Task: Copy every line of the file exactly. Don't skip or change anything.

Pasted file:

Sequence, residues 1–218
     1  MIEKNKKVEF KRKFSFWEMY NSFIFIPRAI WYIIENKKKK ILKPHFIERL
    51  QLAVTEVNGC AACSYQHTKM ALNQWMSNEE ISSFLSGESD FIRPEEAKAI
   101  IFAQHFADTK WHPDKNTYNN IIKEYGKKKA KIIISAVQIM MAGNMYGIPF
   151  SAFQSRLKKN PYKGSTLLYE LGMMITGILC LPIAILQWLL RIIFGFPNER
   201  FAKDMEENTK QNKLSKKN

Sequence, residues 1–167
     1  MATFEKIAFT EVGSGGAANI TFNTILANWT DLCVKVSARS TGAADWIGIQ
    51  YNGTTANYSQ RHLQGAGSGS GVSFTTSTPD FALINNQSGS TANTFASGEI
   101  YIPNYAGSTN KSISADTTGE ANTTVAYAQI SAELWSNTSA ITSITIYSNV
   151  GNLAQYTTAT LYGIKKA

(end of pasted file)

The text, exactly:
Sequence, residues 1–218
     1  MIEKNKKVEF KRKFSFWEMY NSFIFIPRAI WYIIENKKKK ILKPHFIERL
    51  QLAVTEVNGC AACSYQHTKM ALNQWMSNEE ISSFLSGESD FIRPEEAKAI
   101  IFAQHFADTK WHPDKNTYNN IIKEYGKKKA KIIISAVQIM MAGNMYGIPF
   151  SAFQSRLKKN PYKGSTLLYE LGMMITGILC LPIAILQWLL RIIFGFPNER
   201  FAKDMEENTK QNKLSKKN

Sequence, residues 1–167
     1  MATFEKIAFT EVGSGGAANI TFNTILANWT DLCVKVSARS TGAADWIGIQ
    51  YNGTTANYSQ RHLQGAGSGS GVSFTTSTPD FALINNQSGS TANTFASGEI
   101  YIPNYAGSTN KSISADTTGE ANTTVAYAQI SAELWSNTSA ITSITIYSNV
   151  GNLAQYTTAT LYGIKKA